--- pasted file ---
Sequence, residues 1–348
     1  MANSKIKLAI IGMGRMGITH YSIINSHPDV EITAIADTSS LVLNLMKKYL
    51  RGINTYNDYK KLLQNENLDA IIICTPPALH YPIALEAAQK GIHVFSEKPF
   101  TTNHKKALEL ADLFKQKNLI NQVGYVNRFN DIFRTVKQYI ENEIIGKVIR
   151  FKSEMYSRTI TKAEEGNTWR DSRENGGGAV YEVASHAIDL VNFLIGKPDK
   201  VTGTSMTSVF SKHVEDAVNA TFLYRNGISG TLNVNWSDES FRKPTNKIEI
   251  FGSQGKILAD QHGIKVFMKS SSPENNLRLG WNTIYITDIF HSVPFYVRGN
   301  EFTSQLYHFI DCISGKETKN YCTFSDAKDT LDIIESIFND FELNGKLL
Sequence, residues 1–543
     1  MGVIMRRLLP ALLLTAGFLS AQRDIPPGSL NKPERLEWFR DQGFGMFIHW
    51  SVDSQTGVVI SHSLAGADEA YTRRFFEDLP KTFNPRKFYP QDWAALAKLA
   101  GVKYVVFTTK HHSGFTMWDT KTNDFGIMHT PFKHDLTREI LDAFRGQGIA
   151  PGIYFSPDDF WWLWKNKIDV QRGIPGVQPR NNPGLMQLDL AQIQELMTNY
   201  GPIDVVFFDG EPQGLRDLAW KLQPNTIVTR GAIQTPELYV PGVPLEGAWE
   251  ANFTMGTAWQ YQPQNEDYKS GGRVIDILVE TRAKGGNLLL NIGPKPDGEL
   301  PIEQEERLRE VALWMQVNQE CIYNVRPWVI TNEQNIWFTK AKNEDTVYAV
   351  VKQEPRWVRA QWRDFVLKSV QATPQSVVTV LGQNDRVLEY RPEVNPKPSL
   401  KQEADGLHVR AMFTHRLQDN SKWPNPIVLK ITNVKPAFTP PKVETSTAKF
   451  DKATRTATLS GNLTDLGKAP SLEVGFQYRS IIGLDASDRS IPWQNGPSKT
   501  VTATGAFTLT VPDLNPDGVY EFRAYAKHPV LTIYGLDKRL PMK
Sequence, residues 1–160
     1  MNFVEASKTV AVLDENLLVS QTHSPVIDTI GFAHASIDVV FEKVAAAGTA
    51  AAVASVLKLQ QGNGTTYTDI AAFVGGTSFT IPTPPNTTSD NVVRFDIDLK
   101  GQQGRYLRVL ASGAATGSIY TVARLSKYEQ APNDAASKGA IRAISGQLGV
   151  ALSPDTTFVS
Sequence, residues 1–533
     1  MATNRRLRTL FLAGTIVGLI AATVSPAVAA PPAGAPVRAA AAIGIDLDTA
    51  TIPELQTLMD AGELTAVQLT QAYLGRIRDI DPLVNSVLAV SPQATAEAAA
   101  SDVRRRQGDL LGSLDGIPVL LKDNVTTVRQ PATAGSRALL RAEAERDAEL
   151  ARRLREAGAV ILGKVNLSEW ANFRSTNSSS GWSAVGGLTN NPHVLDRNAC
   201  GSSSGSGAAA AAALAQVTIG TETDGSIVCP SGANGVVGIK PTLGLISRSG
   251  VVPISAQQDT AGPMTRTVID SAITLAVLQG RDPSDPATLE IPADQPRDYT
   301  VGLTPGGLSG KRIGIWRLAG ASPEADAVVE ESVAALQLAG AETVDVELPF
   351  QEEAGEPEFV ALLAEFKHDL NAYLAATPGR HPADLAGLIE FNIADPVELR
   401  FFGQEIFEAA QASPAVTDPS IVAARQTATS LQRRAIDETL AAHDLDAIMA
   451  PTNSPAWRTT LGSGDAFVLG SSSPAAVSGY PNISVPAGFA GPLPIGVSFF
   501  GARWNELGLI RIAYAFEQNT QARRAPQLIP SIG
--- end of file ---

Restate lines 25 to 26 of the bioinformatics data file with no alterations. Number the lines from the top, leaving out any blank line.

   151  ALSPDTTFVS
Sequence, residues 1–533